Is end of popular tax credit causing home sales to plummet?

Michelle Stuckey
July 09, 2010 at 9:25 am  | Mobile Reader | Pring this storyPrint 

With the official end of the first-time homebuyer tax credit, some say the local real estate market has seen a drop in sales while others think the credit never made much of a difference.

Byron Bellew, a broker for Keller Williams Realty, said that the real estate market has already been hurt by the ending of the tax credit.

“It has already affected us…as soon as that ended, sales did start to drop,” Bellew said. “They started to drop nationwide, but on the local level we saw it too. The summer has been slower than usual.”

To be eligible for the $7,500 credit, taxpayers had to buy, or enter into a binding contract to buy, a principal residence on or before April 30 and close on the home by June 30. The tax credit could only be used on homes that are a primary residence.

The credit became available in 2008 as part of the Housing and Economic Recovery Act and was expanded in 2009 as part of the American Recovery and Reinvestment Act.

Bellew said he hopes that the government will institute a similar program in the future to boost real estate sales.

“I have hopes that some program will be put in place, not necessarily (a tax credit), but some program could be put in place to help the real estate market increase nationwide as well as locally,” he said. “My opinion is that we still have a way to go before the real estate market rebounds.”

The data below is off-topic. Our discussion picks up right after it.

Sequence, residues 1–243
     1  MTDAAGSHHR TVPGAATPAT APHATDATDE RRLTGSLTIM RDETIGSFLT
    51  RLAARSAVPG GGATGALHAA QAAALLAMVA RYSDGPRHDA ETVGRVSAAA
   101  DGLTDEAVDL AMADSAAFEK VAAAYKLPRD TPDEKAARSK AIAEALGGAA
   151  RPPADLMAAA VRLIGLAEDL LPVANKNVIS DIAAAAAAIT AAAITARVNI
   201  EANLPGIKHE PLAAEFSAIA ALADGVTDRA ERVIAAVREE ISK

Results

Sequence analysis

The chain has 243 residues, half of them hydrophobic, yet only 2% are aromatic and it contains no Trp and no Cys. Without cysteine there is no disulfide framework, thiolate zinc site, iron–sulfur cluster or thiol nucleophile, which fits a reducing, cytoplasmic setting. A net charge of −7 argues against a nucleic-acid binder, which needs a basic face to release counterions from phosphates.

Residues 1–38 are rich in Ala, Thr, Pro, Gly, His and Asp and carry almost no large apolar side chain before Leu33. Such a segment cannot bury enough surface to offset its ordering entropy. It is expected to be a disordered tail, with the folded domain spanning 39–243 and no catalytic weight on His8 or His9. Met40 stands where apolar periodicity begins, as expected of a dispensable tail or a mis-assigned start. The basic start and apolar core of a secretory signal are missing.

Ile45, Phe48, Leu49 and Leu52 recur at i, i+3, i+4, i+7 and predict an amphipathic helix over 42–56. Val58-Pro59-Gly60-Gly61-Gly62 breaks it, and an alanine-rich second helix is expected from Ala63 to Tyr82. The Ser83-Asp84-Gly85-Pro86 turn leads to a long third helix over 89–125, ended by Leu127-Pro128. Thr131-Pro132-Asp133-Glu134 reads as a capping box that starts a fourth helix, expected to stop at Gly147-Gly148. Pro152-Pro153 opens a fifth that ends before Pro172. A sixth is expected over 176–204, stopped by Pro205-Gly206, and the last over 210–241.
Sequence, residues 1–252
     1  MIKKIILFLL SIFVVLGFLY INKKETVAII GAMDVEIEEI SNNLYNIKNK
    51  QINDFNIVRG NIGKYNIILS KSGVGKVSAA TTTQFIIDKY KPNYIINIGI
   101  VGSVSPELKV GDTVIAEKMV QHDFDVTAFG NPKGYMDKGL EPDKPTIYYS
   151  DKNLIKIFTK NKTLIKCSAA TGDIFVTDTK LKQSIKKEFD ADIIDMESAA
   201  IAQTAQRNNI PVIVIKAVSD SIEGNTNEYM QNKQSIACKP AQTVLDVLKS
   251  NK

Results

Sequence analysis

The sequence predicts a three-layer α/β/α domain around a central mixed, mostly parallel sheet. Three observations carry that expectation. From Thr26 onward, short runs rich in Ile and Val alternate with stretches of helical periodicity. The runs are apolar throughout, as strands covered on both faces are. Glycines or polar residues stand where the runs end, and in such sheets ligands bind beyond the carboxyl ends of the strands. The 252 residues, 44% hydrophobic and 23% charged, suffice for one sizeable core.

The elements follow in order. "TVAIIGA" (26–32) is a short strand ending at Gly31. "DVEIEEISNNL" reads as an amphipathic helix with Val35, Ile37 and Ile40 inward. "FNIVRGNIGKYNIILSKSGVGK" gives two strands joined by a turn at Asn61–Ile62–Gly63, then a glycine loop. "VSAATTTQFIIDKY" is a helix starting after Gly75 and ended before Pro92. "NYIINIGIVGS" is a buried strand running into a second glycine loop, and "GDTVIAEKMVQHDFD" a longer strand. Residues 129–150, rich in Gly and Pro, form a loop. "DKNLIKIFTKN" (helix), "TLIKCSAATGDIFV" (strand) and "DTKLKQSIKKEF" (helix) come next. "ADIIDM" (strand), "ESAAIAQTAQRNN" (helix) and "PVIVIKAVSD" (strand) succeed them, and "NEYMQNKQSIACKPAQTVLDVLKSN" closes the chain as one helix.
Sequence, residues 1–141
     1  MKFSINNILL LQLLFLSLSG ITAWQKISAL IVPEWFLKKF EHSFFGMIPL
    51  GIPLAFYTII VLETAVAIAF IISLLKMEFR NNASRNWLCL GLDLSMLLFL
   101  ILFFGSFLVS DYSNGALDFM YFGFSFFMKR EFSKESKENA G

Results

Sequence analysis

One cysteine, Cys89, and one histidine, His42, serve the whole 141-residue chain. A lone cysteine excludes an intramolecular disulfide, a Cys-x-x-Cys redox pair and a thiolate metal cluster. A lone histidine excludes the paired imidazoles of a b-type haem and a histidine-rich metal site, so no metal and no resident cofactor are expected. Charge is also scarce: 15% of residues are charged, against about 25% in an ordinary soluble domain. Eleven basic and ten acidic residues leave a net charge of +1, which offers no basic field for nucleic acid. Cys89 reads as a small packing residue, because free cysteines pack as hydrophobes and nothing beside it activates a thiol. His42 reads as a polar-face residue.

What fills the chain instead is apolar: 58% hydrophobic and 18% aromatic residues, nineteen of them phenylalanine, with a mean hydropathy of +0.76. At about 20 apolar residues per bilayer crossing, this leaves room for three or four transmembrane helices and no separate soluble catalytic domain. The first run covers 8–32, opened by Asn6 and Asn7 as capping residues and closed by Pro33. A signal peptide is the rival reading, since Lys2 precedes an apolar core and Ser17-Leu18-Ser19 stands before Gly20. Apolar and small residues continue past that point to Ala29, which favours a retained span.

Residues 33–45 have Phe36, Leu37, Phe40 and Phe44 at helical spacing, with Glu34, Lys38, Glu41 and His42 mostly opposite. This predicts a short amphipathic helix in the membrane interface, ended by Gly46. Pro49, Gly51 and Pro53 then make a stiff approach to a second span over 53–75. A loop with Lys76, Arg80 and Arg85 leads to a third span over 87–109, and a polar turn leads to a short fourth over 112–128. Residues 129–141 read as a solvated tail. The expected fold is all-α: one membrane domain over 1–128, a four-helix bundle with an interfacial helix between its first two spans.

On the other end of the spectrum is Kori Matherne, with St. Charles Realties. Matherne said she doesn’t think the area has seen or will see a big fluctuation in sales because of the tax credit.

“I don’t think it really affected us,” Matherne said.

Mary Bergeron, with Prudential Gardner Realtors, also did not think that the tax credit had made as much of an influence on the market as she had hoped.

“We’ve been disappointed in how much the tax credit actually stimulated the market,” Bergeron said. “The most significant thing we discovered was that although there were a lot of people who wanted to take advantage of the First Time Homebuyer tax credit, a lot of them could not qualify.”

Bergeron said that many people don’t realize how much planning is needed to buy a home, and some did not have good enough credit to qualify for the tax credit.

“It’s really important for people who want to purchase a home to begin to think about it in advance and make sure that their credit is in good standing,” she said. “For those people who were able to take advantage of (the tax credit), it was a great thing and it did stimulate the market some, but certainly not to the extent that some of us in the real estate business would have expected.”

Nita Naquin, with ERA Sterling Properties, said that she believes the end of the tax credit will affect lower-priced home sales.

“I think with the tax credit, the lower-end houses were selling a little better. Right now it seems like anything over $200,000 is selling more than the ones under $200,000,” Naquin said. “I think (the credit) did stimulate more sales last year. I think that buyers are all looking for only price now and we are seeing more reductions to get sales.”

Vicki Dunn, with Latter & Blum Inc./Realtors, said that the tax credit got a lot of people to shop for a new house, even if they didn’t plan to use the credit.

“Whether they used it or not, it made them look,” Dunn said. “I know some people that made the purchase just because of the tax credit. I also know people who weren’t going to rush into the decision just to get (the credit).”

Dunn said that she has also seen sales drop since the credit ended, but she isn’t sure if it is due to the slow summer months or to homeowners compensating for the end of the tax credit.

“I have seen houses drop their prices slowly but surely over the past few months, but I don’t know if it has anything to do with the tax credit,” she said.




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